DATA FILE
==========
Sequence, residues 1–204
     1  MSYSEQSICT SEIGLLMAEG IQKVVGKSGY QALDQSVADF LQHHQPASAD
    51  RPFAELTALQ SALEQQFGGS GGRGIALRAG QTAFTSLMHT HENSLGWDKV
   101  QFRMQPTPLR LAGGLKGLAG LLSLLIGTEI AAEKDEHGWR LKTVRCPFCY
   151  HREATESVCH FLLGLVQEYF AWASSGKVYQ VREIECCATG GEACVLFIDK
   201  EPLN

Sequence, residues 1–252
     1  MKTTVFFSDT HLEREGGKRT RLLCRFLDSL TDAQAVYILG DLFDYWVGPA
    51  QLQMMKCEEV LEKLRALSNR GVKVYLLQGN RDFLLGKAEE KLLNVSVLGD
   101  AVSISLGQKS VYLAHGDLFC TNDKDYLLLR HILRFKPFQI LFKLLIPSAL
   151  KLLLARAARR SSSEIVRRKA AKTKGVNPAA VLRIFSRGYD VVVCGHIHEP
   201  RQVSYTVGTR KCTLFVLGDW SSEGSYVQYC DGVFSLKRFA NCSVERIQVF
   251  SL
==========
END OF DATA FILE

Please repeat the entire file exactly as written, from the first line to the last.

Sequence, residues 1–204
     1  MSYSEQSICT SEIGLLMAEG IQKVVGKSGY QALDQSVADF LQHHQPASAD
    51  RPFAELTALQ SALEQQFGGS GGRGIALRAG QTAFTSLMHT HENSLGWDKV
   101  QFRMQPTPLR LAGGLKGLAG LLSLLIGTEI AAEKDEHGWR LKTVRCPFCY
   151  HREATESVCH FLLGLVQEYF AWASSGKVYQ VREIECCATG GEACVLFIDK
   201  EPLN

Sequence, residues 1–252
     1  MKTTVFFSDT HLEREGGKRT RLLCRFLDSL TDAQAVYILG DLFDYWVGPA
    51  QLQMMKCEEV LEKLRALSNR GVKVYLLQGN RDFLLGKAEE KLLNVSVLGD
   101  AVSISLGQKS VYLAHGDLFC TNDKDYLLLR HILRFKPFQI LFKLLIPSAL
   151  KLLLARAARR SSSEIVRRKA AKTKGVNPAA VLRIFSRGYD VVVCGHIHEP
   201  RQVSYTVGTR KCTLFVLGDW SSEGSYVQYC DGVFSLKRFA NCSVERIQVF
   251  SL